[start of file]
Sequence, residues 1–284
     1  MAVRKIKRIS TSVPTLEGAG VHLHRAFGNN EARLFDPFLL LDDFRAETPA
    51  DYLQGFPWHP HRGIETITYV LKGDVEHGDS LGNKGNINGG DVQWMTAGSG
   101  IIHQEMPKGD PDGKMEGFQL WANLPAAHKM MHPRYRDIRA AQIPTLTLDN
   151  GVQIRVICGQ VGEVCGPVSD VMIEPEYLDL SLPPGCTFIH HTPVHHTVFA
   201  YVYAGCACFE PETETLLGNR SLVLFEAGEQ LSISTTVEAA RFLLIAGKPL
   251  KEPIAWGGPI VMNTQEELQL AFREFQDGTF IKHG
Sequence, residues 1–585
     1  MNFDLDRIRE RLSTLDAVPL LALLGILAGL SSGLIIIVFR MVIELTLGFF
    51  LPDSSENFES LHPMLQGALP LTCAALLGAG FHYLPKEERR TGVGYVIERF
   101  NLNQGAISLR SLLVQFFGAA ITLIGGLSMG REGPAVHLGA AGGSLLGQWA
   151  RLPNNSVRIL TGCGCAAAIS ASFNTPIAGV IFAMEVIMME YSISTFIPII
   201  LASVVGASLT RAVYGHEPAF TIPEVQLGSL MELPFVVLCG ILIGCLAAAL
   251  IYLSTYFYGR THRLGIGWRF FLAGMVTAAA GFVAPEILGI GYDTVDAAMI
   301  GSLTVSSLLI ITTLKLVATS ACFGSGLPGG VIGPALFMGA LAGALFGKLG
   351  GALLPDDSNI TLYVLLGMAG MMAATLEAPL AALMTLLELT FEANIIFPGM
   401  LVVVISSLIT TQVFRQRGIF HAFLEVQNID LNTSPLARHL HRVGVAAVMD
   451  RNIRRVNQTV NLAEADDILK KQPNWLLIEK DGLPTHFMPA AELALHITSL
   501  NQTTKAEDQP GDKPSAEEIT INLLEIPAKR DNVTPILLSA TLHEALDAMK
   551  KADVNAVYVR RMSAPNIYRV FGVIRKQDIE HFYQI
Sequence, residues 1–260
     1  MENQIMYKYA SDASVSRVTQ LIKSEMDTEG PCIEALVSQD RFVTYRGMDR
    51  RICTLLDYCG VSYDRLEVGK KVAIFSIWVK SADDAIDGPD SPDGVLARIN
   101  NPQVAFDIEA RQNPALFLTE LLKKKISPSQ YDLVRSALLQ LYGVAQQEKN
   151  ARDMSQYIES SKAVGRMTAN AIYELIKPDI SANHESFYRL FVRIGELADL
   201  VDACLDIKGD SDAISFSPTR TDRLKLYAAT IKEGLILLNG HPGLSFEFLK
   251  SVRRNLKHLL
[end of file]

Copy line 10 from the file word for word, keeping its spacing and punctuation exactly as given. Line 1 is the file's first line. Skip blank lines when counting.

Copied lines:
    51  LPDSSENFES LHPMLQGALP LTCAALLGAG FHYLPKEERR TGVGYVIERF